Then, students were encouraged to dive into playfulness with gibberish talking and imaginary actions. Students pretended they were holding two big tumblers and mixing what he called a laughter milkshake. Instead of mixing up liquids, students laughed out loud as if their laughs had filled the cups.

Then students pretended to have a laughter fight. Then they forgave each other only using laughter and body movements. Ever wanted to look a lion in the face and laugh? That was next in the laughter exercises.

In between, he instructed a clearing exercise in which participants clapped in rhythm and chanted, “Very good, very good, yay!” and thrusted their arms into the air.

Deep Breathing Techniques, Too

McClelland said she was surprised by the whole-body workout that an hour of big laughs gave her. She also appreciated the deep breathing techniques that were also interwoven into the class. The pranayama is perhaps as close to a traditional asana practice as it gets.

“You get all the stale air out of your lungs, and it works your diaphragm in a lot of the ways you think of in posture yoga,” Cook said. “Everyone is really stressed and they could use a little relaxation at the end of the day.”

So, each class ends with a yoga nidra guided meditation and a deep savasana—not that it’s easy to go from laughing to being serious and silent, McClelland added.

“Have you ever been in a church, and you can’t stop giggling?” she said. “That’s what happens in the silent meditation. Next thing you know, everyone is laughing.”

It’s part of the training for teachers to move the class from contagious laughter to going inside and allowing the laughs to drop away.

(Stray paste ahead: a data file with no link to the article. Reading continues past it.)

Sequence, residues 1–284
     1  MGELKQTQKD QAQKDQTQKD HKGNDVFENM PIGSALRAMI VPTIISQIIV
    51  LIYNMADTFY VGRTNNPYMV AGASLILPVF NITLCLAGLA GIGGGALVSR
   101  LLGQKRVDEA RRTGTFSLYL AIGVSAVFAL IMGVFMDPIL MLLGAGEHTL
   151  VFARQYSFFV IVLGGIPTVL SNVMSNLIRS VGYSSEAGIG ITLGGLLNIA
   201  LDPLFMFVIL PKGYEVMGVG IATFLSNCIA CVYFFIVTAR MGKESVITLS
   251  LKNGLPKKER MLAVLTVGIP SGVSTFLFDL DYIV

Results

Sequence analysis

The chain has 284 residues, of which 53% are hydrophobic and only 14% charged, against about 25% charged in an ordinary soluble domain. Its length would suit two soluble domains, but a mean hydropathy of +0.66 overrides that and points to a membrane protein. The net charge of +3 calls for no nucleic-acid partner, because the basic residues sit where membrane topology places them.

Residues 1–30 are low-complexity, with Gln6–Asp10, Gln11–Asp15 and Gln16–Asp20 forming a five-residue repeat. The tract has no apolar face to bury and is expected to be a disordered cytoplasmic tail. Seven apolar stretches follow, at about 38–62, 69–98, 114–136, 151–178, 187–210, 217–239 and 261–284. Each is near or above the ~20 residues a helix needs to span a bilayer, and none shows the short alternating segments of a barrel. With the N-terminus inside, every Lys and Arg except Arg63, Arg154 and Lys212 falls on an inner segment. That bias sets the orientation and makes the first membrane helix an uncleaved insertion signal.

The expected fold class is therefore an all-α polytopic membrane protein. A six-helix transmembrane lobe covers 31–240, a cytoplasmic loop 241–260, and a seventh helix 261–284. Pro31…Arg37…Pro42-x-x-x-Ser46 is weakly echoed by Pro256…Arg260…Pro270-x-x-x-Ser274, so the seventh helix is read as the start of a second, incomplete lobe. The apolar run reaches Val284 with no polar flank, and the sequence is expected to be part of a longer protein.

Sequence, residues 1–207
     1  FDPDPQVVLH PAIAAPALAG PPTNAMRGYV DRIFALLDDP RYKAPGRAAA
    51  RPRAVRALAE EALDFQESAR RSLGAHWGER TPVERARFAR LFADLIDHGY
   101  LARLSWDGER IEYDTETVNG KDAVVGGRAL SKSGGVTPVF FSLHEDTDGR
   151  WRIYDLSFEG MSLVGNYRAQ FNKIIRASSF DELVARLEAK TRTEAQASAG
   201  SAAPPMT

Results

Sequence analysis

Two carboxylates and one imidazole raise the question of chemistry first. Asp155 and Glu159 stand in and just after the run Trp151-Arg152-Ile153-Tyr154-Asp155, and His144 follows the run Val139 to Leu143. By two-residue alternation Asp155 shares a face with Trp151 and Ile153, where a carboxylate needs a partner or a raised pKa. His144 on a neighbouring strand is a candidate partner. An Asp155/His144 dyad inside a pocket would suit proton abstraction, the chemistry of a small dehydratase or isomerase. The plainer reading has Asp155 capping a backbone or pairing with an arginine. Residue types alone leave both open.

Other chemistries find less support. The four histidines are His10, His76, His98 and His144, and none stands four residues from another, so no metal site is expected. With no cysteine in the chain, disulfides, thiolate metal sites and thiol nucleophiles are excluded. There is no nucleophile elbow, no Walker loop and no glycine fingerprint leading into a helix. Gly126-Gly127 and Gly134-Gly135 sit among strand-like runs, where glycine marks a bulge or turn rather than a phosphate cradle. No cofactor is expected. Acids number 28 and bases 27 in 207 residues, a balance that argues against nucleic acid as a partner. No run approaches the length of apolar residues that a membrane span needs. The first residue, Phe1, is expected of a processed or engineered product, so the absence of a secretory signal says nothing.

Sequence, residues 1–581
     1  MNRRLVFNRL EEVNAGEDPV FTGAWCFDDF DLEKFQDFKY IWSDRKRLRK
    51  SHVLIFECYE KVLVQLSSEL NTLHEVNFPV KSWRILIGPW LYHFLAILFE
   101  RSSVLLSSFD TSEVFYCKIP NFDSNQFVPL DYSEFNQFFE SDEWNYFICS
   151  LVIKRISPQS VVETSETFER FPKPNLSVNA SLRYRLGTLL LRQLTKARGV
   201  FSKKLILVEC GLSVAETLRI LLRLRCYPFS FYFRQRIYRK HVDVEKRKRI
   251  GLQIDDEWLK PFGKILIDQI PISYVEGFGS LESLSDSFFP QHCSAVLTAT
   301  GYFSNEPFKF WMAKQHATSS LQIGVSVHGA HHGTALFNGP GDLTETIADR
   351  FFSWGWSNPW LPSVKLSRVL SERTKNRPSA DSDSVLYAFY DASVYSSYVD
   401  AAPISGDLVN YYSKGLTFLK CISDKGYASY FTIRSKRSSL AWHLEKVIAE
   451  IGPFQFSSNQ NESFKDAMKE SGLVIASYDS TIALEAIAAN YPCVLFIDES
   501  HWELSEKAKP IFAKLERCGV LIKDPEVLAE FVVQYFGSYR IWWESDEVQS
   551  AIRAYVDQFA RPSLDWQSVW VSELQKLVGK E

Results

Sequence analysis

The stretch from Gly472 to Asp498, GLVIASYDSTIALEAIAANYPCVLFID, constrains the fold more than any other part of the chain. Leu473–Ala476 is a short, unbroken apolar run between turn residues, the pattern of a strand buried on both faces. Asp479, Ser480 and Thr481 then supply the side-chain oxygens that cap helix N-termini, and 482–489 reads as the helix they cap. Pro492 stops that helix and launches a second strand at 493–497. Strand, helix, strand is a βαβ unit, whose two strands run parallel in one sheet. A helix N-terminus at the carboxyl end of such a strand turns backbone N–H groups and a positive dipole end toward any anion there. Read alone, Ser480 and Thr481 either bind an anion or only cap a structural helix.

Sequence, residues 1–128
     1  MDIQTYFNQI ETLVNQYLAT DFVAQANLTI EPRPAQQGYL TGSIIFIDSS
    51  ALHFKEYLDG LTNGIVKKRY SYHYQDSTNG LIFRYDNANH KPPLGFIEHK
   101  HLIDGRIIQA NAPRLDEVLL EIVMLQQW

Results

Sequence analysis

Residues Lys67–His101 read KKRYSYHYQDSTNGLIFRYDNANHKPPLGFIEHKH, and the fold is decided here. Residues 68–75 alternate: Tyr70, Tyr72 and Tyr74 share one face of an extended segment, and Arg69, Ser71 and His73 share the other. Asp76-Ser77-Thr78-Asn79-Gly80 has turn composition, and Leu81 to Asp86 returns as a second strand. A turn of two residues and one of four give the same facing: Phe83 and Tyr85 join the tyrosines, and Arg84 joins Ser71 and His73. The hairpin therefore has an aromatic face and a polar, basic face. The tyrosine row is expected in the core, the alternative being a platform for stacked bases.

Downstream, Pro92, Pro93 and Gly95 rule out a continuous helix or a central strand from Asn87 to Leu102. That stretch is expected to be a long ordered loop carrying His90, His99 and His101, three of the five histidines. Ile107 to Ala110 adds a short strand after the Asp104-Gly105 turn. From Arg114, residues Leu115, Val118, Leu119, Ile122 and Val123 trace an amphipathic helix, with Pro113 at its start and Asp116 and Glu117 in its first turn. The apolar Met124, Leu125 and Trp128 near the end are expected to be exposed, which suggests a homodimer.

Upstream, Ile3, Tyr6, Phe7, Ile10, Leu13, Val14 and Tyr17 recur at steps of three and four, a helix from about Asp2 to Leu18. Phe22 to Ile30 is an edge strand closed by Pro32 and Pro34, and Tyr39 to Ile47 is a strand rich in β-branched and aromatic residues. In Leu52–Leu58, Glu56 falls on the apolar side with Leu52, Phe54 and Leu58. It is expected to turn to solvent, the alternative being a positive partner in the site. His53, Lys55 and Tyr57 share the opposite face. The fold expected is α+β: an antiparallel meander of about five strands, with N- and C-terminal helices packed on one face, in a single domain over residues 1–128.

Smiling as a Yoga Practice

Anyone who’s smiled at a stranger passed on the street knows the value of smiling as a method for connection. During a Laughter Yoga class, students do that and more.

“All mammals laugh. It is a physical activity of being a mammal,” Cook said. “It’s a natural pain killer.”

Speaking of, imagine your aches and pains felt and sounded like laughter. What about taking imaginary hand sanitizer made of laughter and bathing your whole body? In class, you can even take imaginary mental floss strung between your ears and give your mind a wash with laughter.

In essence, it is a complementary physical practice of pratipaksha bhavana, a lesson from Patanjali’s Yoga Sutras that teaches students to replace negative thoughts with positive ones. With time, you may find that frequent laughter brings even more into your life.

How to Find a Laughter Yoga Class

There are more than 20,000 Laughter Clubs in more than 100 countries, along with classes held both in person and online. To find a certified Laughter Yoga Leader near you, log on to the Laughter Yoga website to search by country and state.

Suzanne Wentley
Suzanne Wentley
Having taught yoga on four continents, Suzanne Wentley is a full-time nomad who seeks out yoga classes everywhere she travels. She has taught 1-year-olds and 91-year-olds (and many in between) in nearly all forms of practice, including breath work and meditation. She is also Reiki master, professional writer, vegetarian and ukulele player. Learn more at www.thelovelightproject.com